For many games on my game list, the number of hours I am "on record" for playing are much less than I've actually played.

My numbers for the game Altitude (bought in 2009, did most of my playing in the month or two after purchase) are accurate, while my numbers for And Yet It Moves (bought in 2009-2010) are about 10% of what I actually spent in the game.

What determines whether or not Steam keeps tracking my play-time accurately? Are the actual for-real gameplay hours stored anywhere I can get at them?

Is this behavior intentional on Valve's part, something to improve performance? Or have they been struck by accidental data loss on multiple occasions?

Edit: I always launch my games from within Steam, and I never go into offline mode (yay for living with always-on broadband).

For all the example games I gave (and others I didn't), I have logged in to Steam in the past and had it show me accurate playtime numbers. But then, for some reason, those numbers disappear at some point.

Edit: Here is a screenshot from my games list Altitude and And Yet It Moves

  • Altitude came out on December 4, 2009. I believe the hours played number is correct.
  • And Yet It Moves came out on April 2, 2009 (after the March 2009 date mentioned by Anto). I have beat the game, and logged probably 10-20 hours playing it. I believe that the hours on record displayed in the past was correct, but as you can see, it is not correct any more.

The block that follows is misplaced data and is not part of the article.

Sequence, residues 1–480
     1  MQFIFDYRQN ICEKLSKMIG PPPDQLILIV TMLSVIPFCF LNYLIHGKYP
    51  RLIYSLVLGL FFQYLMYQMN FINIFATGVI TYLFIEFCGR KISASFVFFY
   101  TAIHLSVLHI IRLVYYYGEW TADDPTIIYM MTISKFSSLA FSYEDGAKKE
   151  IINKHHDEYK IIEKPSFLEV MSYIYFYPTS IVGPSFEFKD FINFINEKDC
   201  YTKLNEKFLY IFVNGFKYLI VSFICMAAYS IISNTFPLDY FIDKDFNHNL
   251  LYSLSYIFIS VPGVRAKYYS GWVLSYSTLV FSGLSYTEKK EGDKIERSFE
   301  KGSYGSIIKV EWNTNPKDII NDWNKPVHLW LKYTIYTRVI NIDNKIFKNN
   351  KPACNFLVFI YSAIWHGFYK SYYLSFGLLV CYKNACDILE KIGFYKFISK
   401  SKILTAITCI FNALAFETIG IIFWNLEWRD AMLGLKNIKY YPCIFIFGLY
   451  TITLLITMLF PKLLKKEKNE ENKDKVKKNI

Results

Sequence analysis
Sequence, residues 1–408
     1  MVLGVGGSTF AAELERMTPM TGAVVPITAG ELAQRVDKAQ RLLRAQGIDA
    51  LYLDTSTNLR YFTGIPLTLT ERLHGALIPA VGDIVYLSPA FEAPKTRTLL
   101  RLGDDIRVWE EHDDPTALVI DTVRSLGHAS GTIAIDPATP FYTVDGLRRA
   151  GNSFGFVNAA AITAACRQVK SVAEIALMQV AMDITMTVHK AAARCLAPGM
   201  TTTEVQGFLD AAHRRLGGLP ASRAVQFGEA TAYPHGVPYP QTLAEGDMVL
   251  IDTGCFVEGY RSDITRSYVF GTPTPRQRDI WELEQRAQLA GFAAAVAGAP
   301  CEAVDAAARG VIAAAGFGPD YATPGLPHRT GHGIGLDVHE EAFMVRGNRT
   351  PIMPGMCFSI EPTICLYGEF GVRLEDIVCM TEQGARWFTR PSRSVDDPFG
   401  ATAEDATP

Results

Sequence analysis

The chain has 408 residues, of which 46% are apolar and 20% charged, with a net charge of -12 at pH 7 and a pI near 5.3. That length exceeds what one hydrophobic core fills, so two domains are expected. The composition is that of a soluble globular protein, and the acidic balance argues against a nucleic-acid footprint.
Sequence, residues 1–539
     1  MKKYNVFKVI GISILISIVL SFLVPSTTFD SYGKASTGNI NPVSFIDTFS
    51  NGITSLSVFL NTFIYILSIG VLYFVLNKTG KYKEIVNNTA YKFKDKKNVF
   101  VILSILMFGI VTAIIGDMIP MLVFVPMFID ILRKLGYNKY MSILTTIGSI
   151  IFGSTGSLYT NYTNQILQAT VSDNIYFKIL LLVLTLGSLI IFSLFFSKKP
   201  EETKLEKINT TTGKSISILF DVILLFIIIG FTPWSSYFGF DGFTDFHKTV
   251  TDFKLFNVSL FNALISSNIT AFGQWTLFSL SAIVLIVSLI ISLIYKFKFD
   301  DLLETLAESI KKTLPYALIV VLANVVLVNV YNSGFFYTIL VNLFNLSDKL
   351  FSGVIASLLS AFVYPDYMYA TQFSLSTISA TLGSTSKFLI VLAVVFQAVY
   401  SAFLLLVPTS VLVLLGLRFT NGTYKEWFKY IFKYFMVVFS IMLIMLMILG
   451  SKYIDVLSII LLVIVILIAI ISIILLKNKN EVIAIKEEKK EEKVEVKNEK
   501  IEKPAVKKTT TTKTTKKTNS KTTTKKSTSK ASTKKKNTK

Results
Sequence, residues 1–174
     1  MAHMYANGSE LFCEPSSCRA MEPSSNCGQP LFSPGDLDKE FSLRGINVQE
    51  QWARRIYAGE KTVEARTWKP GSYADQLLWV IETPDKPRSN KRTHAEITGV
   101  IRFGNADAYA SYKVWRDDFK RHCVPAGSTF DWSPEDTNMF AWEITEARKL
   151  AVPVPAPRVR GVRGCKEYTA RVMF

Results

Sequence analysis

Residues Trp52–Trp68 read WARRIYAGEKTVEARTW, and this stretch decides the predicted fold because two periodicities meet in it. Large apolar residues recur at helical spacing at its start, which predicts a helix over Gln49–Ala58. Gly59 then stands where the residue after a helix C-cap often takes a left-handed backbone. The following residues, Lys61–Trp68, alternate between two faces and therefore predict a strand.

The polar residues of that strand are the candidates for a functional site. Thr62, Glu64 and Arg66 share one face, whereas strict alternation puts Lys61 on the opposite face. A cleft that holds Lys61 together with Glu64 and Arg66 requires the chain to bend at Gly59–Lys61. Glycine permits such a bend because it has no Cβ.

• 1
    Wasn't this feature just not in place yet 4-6 years ago?
    – DrGoldfire
    Dec 21, 2011 at 18:43
  • 1
    @goldfire: I know that in the past I have had it show me hundreds of hours played in CS:S. Now, it shows 1.4 hours played.
    – TehShrike
    Dec 21, 2011 at 18:47
  • 2
    @TehShrike looks like you aren't the only one with that problem
    – l I
    Dec 21, 2011 at 18:50
  • 1
    While this isn't specifically addressing your problem, I've noticed that Steam records the time played when the game closes. This means that if the game crashes, your playtime isn't recorded.
    – SaintWacko
    Dec 21, 2011 at 19:20
  • @SaintWacko It's true - I'm not really looking at reasons why gameplay time wouldn't get logged, just for things that would cause it to disappear after it was logged.
    – TehShrike
    Dec 21, 2011 at 19:27

5 Answers 5


You also have to take into account the fact that since the "Total playtime" feature has been introduce about two years ago, it didn't count all the hours you've been playing before. According to this article, gameplay hours are recording since March 2009 exactly. For instance, I've been playing CS 1.6 A LOT several years ago, and I only have something like 30 hours "on record" (because I don't play it anymore).

You can read players reacting about this over here: http://www.wegame.com/forums/general-gaming-discussion/steam-now-reports-all-time-play-time//#post-439405

Steam now reports all-time play time Finally! The stats seem to have started their count about a year ago, so it's not all-all-time, but it's a welcome addition nonetheless. Other programs like Xfire (and even WeGame!) have recorded and reported this info for quite some time.

I know, it can be kinda depressing for a hardcore gamer ;)

  • That's a good find of an actual starting date for the stats. I think there are still cases of missing time on my games list though (link added in op)